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Back 4.25.2017

Bikes of Zipp – Dave Schweikert rides across the USA for WBR

All photos by Joe Vondersaar

Zipp engineer Dave Schweikert stands out as a guy who logs mega miles. Make that many mega miles.

He’s averaged about 10,000 miles (16,093km) a year each of the past four years, including his peak of 13,000 miles in 2014. Now, Schweikert is preparing for his most ambitious trek with a greater purpose in mind.

SUPPORT DAVE'S CROSS COUNTRY RIDE FOR WORLD BICYCLE RELIEF

TRACK DAVE ON QUARQNET

Next month he’ll start from Avila Beach in California on what he estimates to be a 28-day (May 19-June 15), 3,500 ride to Wrightsville Beach, N.C. The journey would fulfill his longtime dream of riding his bike across the continental United States. While pedaling from sea to shining sea, Schweikert will be raising money for World Bicycle Relief. He hopes to provide funds enough to place 1,000 of WBR’s Buffalo Bikes in the hands of some of the world’s poorest people.

“I have thought about something like this for years. For me, it was always about considering what a huge sacrifice it was, time away from family, using all my vacation,” said Schweikert, Zipp’s total quality manager. “There has to be a purpose behind it.”

World Bicycle Relief, a non-profit group founded by SRAM, was a natural fit because of its mission to mobilize people through the Power of Bicycles. “It’s the link between bicycles, humanitarian causes and helping people,” he said.

Schweikert has a fundraising page where people can donate. People can follow his journey on Strava and, using his Quarq Qollector, on QuarqNet.com, where fellow cyclists can follow him in real time. He hopes cyclists will join him along the way with a suggested donation of $1 a mile.

He plans to average about 125 miles a day. To prepare, he’s riding every chance he gets. Last fall, Schweikert rode at least 100 miles a day for 11 straight days. His daily bike commute to work is 26 miles one way.
But that’s not enough.

“I would just extend my commute. Sometimes I would be on the bike at 4 o’clock in the morning, be at work by 7 or 7:30, and then leave here at 5 and ride 3 hours home,” Schweikert said. “It was really mental. I have to just get up and get on the bike and do that kind of mileage day after day after day to prove to myself that you can fight through the fatigue and just keep doing it day after day.

“The longer you go, the more mental it is.”

His planned cross-country route is not a straight shot, but rather a giant arc that extends from Southern California up through Chicago then down to North Carolina. Schweikert knows there’ll be plenty of obstacles, many unpredictable. He could face searing heat around the Four Corners (where Colorado, Utah, Arizona, and New Mexico meet) or soon after, sub-freezing temperatures in the Rockies. The route has about 114,000 feet in elevation change with multiple days of 7,000 feet or more of climbing. With an elevation of more than 10,800 feet, the highest point is Wolf Creek Pass in Colorado.

Schweikert plans to stop at most of SRAM’s major North American offices along the way in San Luis Obispo, Calif., Colorado Springs, Chicago headquarters, and Indianapolis, where he’ll briefly sleep in his own bed before pushing on. Elsewhere, he’s using the WarmShowers.org touring cyclists community for lodging along with occasional hotels. In addition to the support he’s received from his employer, SRAM, Clif Bar is providing nutrition support for the journey.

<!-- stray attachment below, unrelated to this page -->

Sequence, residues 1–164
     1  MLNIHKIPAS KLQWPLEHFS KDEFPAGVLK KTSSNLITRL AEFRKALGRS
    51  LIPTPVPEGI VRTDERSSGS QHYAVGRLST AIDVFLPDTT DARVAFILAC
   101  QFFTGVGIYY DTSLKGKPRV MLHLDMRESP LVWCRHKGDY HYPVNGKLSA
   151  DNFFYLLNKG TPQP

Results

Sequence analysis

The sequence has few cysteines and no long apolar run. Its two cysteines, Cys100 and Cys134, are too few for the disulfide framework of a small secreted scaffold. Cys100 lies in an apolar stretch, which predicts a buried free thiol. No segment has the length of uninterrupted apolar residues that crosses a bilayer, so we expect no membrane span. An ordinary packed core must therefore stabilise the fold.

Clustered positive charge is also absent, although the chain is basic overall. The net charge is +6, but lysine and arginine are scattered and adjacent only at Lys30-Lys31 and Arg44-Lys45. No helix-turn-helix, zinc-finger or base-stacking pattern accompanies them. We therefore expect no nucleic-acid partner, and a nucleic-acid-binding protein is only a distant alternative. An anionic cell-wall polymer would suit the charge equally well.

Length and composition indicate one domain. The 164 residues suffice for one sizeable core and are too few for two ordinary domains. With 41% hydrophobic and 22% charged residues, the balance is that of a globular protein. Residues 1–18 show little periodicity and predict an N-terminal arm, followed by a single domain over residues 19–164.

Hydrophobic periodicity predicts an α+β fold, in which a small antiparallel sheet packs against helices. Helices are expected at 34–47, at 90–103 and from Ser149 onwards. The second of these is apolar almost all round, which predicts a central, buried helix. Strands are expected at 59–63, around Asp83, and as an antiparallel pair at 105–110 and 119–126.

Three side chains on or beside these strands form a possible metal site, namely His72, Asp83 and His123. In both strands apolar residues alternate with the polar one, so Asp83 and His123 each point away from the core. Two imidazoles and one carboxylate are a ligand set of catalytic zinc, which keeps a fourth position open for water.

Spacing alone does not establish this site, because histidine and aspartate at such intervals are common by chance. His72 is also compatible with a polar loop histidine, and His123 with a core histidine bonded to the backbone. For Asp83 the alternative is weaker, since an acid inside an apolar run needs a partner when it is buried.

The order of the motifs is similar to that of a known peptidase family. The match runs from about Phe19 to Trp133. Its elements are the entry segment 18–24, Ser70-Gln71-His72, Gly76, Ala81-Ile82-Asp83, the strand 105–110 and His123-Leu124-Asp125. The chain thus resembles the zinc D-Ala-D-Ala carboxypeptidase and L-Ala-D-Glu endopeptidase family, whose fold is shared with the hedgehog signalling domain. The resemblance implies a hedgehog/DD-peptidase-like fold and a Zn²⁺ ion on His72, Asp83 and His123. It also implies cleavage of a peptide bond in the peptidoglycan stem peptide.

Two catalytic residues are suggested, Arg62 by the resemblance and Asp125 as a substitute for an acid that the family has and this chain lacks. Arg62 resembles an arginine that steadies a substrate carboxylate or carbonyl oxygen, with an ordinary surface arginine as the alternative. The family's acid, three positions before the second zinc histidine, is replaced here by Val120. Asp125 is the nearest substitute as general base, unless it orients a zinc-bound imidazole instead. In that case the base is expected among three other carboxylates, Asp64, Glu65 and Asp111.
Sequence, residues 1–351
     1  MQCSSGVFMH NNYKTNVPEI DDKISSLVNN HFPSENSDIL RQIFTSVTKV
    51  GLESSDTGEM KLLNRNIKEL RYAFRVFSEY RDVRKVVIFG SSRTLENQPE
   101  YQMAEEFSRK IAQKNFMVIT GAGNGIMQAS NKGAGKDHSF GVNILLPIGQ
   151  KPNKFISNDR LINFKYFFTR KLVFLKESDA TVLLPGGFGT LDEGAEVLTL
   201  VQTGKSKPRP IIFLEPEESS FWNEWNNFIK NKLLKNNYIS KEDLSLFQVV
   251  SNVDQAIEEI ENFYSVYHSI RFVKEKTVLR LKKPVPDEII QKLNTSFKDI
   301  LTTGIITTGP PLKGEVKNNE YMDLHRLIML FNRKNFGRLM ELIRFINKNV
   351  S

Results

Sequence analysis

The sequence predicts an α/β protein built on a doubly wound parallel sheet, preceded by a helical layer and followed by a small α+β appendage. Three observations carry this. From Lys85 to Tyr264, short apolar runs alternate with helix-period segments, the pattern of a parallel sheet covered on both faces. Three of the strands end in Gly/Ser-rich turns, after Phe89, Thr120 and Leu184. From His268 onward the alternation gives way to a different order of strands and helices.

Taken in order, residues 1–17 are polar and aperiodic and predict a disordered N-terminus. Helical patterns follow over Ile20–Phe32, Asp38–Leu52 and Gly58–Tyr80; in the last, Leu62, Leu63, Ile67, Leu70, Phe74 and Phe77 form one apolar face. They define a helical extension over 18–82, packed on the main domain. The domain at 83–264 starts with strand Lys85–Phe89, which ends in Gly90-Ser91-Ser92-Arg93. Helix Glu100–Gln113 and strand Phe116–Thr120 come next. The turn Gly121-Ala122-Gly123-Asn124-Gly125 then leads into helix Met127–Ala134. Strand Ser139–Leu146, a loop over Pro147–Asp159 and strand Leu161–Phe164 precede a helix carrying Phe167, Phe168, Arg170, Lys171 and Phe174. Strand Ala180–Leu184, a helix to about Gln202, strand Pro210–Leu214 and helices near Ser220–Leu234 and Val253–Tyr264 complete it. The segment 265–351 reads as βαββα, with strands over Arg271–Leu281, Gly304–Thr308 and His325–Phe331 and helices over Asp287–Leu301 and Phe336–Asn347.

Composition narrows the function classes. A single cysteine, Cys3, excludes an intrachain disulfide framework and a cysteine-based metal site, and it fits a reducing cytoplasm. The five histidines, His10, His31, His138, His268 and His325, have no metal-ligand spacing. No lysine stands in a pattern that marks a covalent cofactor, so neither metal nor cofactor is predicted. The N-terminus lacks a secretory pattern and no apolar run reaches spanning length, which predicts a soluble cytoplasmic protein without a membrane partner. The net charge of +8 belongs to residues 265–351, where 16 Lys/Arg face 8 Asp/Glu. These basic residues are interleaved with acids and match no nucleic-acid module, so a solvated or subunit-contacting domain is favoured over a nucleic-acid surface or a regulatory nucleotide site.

“Many people ride across the U.S., but doing it in under a month without a support vehicle is definitely a challenge. But that’s not to say that I don’t have support. For one, the encouragement of family, friends, and donors has been amazing. Everyday, I’m surrounded by people who are focused on designing and building the world’s best cycling components,” he said. “The dedication of my SRAM & Zipp colleagues to meet that expectation is very much a part of what is inspiring me to complete this ride. Plus, I have the advantage of using the latest SRAM components.”

What He’s Riding

Schweikert needs to be efficient and comfortable for 12 hours or more a day. Durability, fit, and efficiency are all must-haves. Of his setup, Schweikert said:
“It can carry a rack. It’s still ‘racey’… I can still get in a pretty good aero position but yet it’s good all around.”

Wheels

Zipp 303 Firecrest Tubeless Disc brake “Having disc brakes with the variety of terrain and weather I’m going to see, it was just a no brainer. … I have 32 mm tubeless tires on it.”

Cockpit

Zipp Service Course 80 bars, 42 center-to-center width Zipp Service Course CX bar tape with Zipp Handlebar Gel Pad Vuka Clip with Vuka Alumina Evo extensions with 110mm rise and eTap Clic shifters “I was one of the test riders on the new Vuka Clip. … I was doing some long training rides last fall. It made hand pain go away for me. That typical numbness and everything, so there’s the advantage of being aero and minimizing effort but just long hours in the saddle.”

Drivetrain

SRAM RED eTap 50-34 compact crank, 172.5mm, and WiFLi 11-32 rear cassette “eTap is absolutely the way to go. So easy to shift.”

Frame: Specialized Secteur aluminum, 54mm

Wheels: Zipp 303 Firecrest Tubeless

Brakes: Avid BB7 mechanical disc, 160mm rotors

Power meter: Quarq DZero

Data system: Quarq Qollector, seatpost mounted

Bottle cages: 3- Zipp Alumina (only possible with eTap- conventional wired/cabled systems interfere with downtube cage)

Tires: Hutchinson Sector 700x32 tubeless

Pedals: Speedplay Frog

Saddle: Specialized Toupe Comp Gel

Lights: Cygolite Trion 1300 lumen and Expilion 750 lumen headlights; variety of CatEye and NiteRider rear strobe lights

 

Previous Bikes of Zipp features

Chris Chou's Track Bike

Todd Winget’s old school Paramount